Artificial intelligence (AI) isn’t a new idea. We’ve been talking about the potential for computers to think and respond like human beings since way back in the 1950s. But AI has evolved a great deal in recent years, becoming a ubiquitous technology that’s available to almost all of us, in one way or another.
AI is used in many of our smartphone apps, helping to make things faster, smarter and more convenient. Businesses are using AI to automate repetitive tasks and create voice-activated AI assistants. And artists are using AI algorithms to create never-before-seen artworks that are generated at the press of a button by creative AI tools.
There are even AI content writing tools, like Ryter and Jasper, now on the market. And this emergence of ‘AI writing assistants’ is probably something you’ll be concerned about if you’re a professional writer, content creator or copywriter.
So, is AI going to replace us as content writers?
Complementing, not killing, your content writing
The short answer is…no! AI writing tools are not here to replace you as a writer. If you’re already an experienced writer with plenty of clients under your belt, your role is not suddenly going to disappear. At present, us squidgy brain monkeys still have the upper hand over an AI.
As a human writer, you have:
- A unique style and tone that’s (at present) very difficult for an AI to replicate effectively and convincingly.
- Oodles of empathy and emotional intelligence, something that separates you from an algorithm that thinks purely in terms of logic.
- An ability to spot text that doesn’t flow, doesn’t grab your attention or that simply doesn’t feel ‘right’ to a human reader.
- A feel for slang, humour and puns that’s tricky for a piece of software to generate – at least in a way that doesn’t come out sounding like a terrible dad joke.
So, as a seasoned human writer, you aren’t redundant just yet. But is there a way that AI could actually help you become a more effective writer?
The chances are, yes, it can.
Complementing, not killing, your content writing
You have skills (both learned and innate) that an AI can’t compete with. But that’s not to say that an AI writing tool isn’t incredibly useful. And here’s why.
AI writing tools exist to complement your abilities as a human writer. In essence, using an AI writing assistant is like hiring a content apprentice. You tell your assistant what to do, and it will generate text and bring a new perspective to your writing.
Just like an apprentice, your AI is not going to churn out work that surpasses the skill of the master. But what it DOES do is give you a draft, a rough idea or a structure that’s then a starting point for you to put your human skills to work.
OK, that all sounds great in principle. But what’s it like actually using AI to write content?
Using Rytr to create AI-generated content
I’ve been testing out Rytr, a free AI writing tool, over the past couple of weeks. I have to say, I’ve been pleasantly surprised at the effectiveness (and usability) of the content that’s been generated. I was ready to be disappointed and to scoff at how AI wasn’t up to the job. But a few days of getting familiar with an AI content writing tool has dispelled my worries.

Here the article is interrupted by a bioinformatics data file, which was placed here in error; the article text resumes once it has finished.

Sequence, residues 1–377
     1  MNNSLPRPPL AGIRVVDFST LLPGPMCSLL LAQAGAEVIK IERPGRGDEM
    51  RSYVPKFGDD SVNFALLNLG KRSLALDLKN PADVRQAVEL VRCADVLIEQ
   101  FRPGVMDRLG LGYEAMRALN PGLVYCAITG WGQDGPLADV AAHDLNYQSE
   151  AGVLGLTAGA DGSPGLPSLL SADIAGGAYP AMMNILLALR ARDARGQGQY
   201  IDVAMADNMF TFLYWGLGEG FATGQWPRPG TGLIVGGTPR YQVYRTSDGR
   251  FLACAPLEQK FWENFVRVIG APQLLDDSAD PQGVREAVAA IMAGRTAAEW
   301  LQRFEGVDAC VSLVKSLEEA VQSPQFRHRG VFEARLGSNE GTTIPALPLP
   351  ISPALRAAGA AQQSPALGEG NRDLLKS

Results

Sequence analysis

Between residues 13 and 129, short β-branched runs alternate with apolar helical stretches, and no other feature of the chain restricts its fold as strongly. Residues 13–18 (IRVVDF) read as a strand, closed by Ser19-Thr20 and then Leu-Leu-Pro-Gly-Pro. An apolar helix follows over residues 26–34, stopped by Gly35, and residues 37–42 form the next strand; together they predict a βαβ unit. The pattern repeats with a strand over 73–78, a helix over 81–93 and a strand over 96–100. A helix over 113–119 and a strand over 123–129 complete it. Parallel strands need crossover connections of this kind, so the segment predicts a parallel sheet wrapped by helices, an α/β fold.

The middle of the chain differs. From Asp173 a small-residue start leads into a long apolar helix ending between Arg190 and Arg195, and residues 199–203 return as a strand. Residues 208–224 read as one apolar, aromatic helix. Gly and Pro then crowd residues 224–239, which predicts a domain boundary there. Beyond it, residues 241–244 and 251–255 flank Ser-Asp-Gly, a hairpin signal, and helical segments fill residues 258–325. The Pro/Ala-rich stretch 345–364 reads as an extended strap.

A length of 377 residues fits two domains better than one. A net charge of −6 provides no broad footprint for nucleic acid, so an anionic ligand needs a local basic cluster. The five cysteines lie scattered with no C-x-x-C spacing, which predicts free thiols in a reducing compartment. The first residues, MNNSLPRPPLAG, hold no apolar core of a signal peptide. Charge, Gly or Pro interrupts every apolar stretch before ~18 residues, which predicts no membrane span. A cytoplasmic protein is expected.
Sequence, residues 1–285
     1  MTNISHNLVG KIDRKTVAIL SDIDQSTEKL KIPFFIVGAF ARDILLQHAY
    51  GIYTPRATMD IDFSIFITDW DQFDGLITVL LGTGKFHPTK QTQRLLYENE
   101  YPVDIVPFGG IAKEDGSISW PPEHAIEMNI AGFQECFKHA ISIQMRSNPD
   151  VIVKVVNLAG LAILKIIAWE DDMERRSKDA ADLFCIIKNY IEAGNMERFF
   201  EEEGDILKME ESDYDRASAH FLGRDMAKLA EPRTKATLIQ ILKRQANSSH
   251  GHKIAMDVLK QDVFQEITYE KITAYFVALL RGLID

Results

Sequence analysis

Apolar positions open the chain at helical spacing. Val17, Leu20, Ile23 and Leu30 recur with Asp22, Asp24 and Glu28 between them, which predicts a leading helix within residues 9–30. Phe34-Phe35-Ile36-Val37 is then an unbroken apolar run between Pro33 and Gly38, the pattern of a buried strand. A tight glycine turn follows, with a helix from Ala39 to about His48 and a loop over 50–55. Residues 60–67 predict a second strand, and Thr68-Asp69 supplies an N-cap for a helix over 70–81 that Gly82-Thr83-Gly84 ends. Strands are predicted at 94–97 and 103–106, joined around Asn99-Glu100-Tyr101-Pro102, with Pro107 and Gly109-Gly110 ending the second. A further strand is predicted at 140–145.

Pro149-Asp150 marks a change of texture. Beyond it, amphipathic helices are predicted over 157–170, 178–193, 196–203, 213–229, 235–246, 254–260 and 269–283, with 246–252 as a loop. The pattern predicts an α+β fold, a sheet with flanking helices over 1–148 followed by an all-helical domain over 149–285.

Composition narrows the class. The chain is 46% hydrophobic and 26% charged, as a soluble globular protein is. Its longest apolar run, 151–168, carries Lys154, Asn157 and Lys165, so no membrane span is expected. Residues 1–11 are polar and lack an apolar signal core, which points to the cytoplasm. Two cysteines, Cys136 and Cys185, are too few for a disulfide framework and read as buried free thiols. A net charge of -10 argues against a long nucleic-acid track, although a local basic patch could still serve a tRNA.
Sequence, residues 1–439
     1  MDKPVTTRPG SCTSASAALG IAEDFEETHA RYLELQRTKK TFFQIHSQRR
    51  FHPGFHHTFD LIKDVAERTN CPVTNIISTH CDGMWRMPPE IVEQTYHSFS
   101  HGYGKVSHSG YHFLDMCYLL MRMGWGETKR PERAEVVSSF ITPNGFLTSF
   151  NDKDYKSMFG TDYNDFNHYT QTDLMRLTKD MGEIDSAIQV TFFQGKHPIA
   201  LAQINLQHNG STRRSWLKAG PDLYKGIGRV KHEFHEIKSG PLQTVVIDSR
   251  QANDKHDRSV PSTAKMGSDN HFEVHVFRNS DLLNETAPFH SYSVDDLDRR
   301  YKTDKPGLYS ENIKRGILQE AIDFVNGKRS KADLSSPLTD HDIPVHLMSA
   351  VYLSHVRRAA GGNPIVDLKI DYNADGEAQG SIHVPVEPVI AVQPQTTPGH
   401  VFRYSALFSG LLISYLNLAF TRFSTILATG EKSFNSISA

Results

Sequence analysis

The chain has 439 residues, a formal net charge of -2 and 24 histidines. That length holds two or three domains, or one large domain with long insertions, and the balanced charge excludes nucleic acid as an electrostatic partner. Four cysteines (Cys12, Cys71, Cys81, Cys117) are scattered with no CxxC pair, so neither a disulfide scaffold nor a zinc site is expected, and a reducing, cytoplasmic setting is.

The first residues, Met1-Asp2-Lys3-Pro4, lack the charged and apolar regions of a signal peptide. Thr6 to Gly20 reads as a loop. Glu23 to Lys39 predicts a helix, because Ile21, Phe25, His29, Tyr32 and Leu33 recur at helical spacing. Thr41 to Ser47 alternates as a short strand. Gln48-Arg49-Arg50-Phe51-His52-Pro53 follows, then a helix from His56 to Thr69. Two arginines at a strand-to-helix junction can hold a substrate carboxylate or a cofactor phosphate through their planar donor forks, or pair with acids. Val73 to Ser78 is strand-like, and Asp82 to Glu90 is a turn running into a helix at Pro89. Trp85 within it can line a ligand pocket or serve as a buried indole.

With Ryter, you can:
- Choose from a list of use cases that include blog posts, landing pages, emails and many other more specific writing formats.
- Tell the AI your title and key words and ask it to generate an outline, or a structure, or even full paragraphs of text around this topic.
- Edit and amend the output text, run multiple different variants of the content and then export your completed text as the end format of your choice.
It’s simple and easy to use, and the output appears after just a few seconds of the app chugging away to create your copy.
The free version has a limit of 10,000 characters per month, so if you’re a serious pro writer then you’ll probably need to splash the cash on a paid subscription. But, given the added efficiency of having your ‘apprentice AI writer’ on the team, I think that’s money well spent.
Writer and AI, working in harmony
So, would I send the initial, unedited AI article to one of my clients? Absolutely not, in the same way I wouldn’t send my apprentice’s first draft to the client.
Any draft is going to need a read-through and some careful editing to make it sound acceptable. But, for me, coming up with that initial first draft can sometimes be the most DIFFICULT part of being a content writer. With AI helping you create that initial draft – and doing it WAY quicker than you’d ever do it on your own – you can overcome the writer’s block, create fresh content and take on more work.
Seems like a pretty sweet deal, doesn’t it? There’s certainly plenty to love about an AI tool that can reduce your workload and challenge your accepted writing formulas.
We do need to keep a close eye on the development of AI. What you don’t want is tech developers sticking AI into products just for the sake of it. But, to me, there are definite bonuses of having an AI apprentice to help me out – especially for freelance writers who don’t have any employees to delegate these tasks to.
It may be that, over time, AI tools make it more difficult for novice writers to get the experience they need to get a foot in the industry door. But if we all embrace AI and see it for what it is – a useful weapon to have in our writer’s armoury – then solid experience of artificial intelligence may become a foundational skill for any self-respecting writer.
How To Write Killer Content
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